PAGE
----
Our illustrations depict experiments with an aeroplane carried out recently by Mr. Gustave Whitehead, of Bridgeport, Conn., who has been studying the subject of mechanical flight for upward of fifteen years. In one of the pictures is shown a light-weight, two cycle motor, which was used on the aeroplane in a recent experiment.

Unlike Lilienthal and Chanute, Whitehead does not attempt to soar by jumping off a hill or precipice. He is content, on the contrary, with flying near the ground; if he can only solve the problem of rising from it quickly at will, and descending gently whenever and wherever he wishes.

The method of soaring used by Mr. Whitehead consists in running with the aeroplane against the wind, preceded by an assistant who draws it with a rope when it leaves the ground. When sufficient speed is attained, the operator, by tilting the aeroplanes slightly upward, can leave the ground and skim along in the air, as shown in one of the photographs. The trimming of the aeroplanes, both longitudinally and transversely, is accomplished by the operator shifting the position of his body, and the proper trimming necessary to keep from taking a plunge is quite a delicate matter. A puff of wind striking the aeroplanes harder on one side than on the other can also easily upset their transverse stability, unless the operator is quick to counteract it.

After practicing considerably at balancing the aeroplanes when drawn by a man, Mr. Whitehead at length designed and built a light-weight, two-cycle gasoline motor for propelling them. This motor is of the air-cooled type, and has numerous loops of aluminium wire fastened to the two cylinders in order to radiate the heat. The inventor says that he has found aluminium to be much better for this purpose than copper, which is the metal generally employed. The cylinders of the motor have a 4-inch bore and a 4 4 1/2 inch stroke, and it is designed to run at speeds of from 1,000 to 2,500 R. P. M. It develops 12 horse power at the latter speed, and its weight complete is but 54 pounds, or 4 1/2 pounds per horse power, which shows it to be one of the lightest gasoline motors ever built. Over 100 pounds compression is employed, the sole compression space being the small dome on top of each cylinder, in the top of which is seen the sparking plug. The motor, being of the two-cycle type, is valveless, with the exception of light aluminium check valves, through which the gas passes before making its entrance into the sheet-steel crank case (which is divided by a central partition) through the holes seen in its side. Splash lubrication is employed in the crank case, and oil is fed to the cylinders from two oil cups. A 25inch wire wheel was used as a flywheel, and carried fan blades for assisting in cooling the motor. Its dimensions are 18 inches high by 12 inches long by 8 inches wide, and in the experiments made with it, a two-bladed propeller 41/2 feet in diameter was fastened on the motor shaft and revolved at a speed of 1,000 R. P. M. As the motor has four disk flywheels inside its crank case, the large wire-spoked one is not absolutely necessary, and in actual tests, when mounted on the aeroplanes, the motor was found to work equally well without it, thus reducing the total weight of the motor to 47 1/4 pounds.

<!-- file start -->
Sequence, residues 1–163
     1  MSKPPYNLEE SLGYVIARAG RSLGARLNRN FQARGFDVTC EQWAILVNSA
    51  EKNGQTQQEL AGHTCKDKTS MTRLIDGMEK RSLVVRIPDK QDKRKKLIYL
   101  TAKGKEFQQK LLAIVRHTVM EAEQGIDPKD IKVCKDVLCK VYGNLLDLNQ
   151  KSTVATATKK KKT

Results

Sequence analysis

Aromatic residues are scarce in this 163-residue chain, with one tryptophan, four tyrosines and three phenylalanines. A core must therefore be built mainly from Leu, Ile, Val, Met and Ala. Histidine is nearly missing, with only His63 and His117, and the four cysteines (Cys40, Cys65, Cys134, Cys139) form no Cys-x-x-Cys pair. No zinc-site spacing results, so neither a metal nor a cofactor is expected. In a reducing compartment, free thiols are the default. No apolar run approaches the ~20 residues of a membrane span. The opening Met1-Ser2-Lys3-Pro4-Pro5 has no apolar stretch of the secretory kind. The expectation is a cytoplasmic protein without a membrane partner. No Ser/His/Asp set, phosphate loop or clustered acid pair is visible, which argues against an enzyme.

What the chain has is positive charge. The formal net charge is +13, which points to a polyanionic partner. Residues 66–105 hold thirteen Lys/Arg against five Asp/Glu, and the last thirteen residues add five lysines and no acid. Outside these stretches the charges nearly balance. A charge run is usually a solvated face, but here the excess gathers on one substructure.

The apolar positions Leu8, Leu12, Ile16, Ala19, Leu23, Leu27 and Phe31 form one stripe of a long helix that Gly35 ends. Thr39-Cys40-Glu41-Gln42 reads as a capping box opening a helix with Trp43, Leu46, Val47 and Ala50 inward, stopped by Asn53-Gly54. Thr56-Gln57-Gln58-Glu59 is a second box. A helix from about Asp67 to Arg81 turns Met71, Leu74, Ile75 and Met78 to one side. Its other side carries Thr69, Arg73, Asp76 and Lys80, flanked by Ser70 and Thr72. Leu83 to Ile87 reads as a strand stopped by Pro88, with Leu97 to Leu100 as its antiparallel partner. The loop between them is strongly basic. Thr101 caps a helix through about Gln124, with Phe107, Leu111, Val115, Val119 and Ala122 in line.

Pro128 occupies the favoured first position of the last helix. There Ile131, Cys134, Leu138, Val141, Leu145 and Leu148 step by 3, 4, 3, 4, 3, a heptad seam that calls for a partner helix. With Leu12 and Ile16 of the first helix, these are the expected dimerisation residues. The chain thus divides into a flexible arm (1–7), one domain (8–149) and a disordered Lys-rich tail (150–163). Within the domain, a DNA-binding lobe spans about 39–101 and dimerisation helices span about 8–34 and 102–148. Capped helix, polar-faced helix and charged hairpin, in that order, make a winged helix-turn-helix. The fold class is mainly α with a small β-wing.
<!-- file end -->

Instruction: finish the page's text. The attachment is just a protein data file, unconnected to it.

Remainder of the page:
The three aeroplanes are spaced 3 feet apart and are 16 feet long by 5 feet wide. They are made up of spruce wood frames, covered with muslin, and are suitably braced with diagonal wires. There is a space in the center of the lower one for the operator, who hangs from the two forward uprights and keeps the apparatus in trim by shifting his body. A rigid, pyramidal-shaped rudder projects from behind.

After ascertaining, by loading himself with sandbags, that the aeroplanes were capable of lifting the extra weight of the motor and propeller, the motor was attached to the two longitudinal projecting rods of the lower aeroplane, and carried the propeller in front of it on its c rank shaft By running with the machine against the wind after the motor had been started, the aeroplane was made to skim along above the ground at heights of from 3 to 16 feet for a distance, without the operator touching, of about 350 yards. It was possible to have traveled a much longer distance without touching terra firma but for the operator's desire not to get too far above it Although the motor was not developing its full power, owing to its speed not exceeding 1,000 R. P. M., it developed sufficient to move the machine against the wind. The total thrust, or, in this case, pull of the propeller was found to be 280 pounds, while all that is needed to keep the machine in the air, according to the dynamometric measurements made when it was drawn by a man, is a pull of 28 pounds. Making the propellers pull, instead of push the machine, aids greatly in maintaining its stability.

Having proven that a less powerful motor will do the work, Mr. Whitehead is now constructing one of 6 horse power which will weigh between 25 and 30 pounds. He intends to drive two 4,,/2-foot propellers with this, by means of bevel gears, giving the proper speed reduction for obtaining a speed of 600 to 800 R. P. M. of the propellers. Besides this smaller two cylinder motor, he is also constructing a four-cylinder one, of 10 horse power, which he expects will not exceed 40 pounds in weight, aluminium being used as far as possible in its construction. This is to be used on an improved aeroplane with which the inventor hopes to be able to rise vertically in still air, travel horizontally, and descend vertically again.

This is the desideratum of the aeroplane flying machine.

Originally appeared in Scientific American, 89, September 19, 1903, p. 204.